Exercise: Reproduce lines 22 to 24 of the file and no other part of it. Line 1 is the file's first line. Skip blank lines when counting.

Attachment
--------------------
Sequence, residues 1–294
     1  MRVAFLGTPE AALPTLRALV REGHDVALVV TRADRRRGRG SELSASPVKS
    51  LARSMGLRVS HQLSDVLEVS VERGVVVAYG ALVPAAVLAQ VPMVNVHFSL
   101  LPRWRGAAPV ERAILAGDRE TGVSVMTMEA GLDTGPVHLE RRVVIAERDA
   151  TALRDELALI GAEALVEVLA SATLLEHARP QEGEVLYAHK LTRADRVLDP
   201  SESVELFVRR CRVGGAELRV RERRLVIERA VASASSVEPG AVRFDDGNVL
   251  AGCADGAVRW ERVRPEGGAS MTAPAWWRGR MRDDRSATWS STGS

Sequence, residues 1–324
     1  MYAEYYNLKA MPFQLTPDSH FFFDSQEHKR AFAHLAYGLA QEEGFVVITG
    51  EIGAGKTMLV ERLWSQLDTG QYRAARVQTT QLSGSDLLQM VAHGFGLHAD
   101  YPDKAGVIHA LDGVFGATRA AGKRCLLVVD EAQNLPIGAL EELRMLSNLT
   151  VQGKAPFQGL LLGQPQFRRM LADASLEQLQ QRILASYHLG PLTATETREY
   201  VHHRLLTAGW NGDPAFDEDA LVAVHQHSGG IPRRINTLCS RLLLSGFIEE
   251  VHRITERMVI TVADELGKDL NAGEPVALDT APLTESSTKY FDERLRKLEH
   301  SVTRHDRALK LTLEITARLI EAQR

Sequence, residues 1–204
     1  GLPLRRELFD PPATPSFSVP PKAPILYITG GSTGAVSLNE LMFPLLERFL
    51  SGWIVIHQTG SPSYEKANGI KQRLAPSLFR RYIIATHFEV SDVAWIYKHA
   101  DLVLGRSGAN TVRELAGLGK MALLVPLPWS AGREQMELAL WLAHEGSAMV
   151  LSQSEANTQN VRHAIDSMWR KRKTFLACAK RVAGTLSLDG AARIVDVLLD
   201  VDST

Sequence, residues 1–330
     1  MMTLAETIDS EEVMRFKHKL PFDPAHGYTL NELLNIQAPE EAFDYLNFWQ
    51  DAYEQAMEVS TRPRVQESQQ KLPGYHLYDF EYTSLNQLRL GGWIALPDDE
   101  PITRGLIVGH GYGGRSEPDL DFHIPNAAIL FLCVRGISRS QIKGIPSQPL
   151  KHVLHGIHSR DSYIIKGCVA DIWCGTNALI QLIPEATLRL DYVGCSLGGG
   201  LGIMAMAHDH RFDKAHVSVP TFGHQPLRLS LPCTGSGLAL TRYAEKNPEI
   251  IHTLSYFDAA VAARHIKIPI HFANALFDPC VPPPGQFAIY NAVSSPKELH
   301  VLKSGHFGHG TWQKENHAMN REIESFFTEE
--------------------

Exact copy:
Sequence, residues 1–330
     1  MMTLAETIDS EEVMRFKHKL PFDPAHGYTL NELLNIQAPE EAFDYLNFWQ
    51  DAYEQAMEVS TRPRVQESQQ KLPGYHLYDF EYTSLNQLRL GGWIALPDDE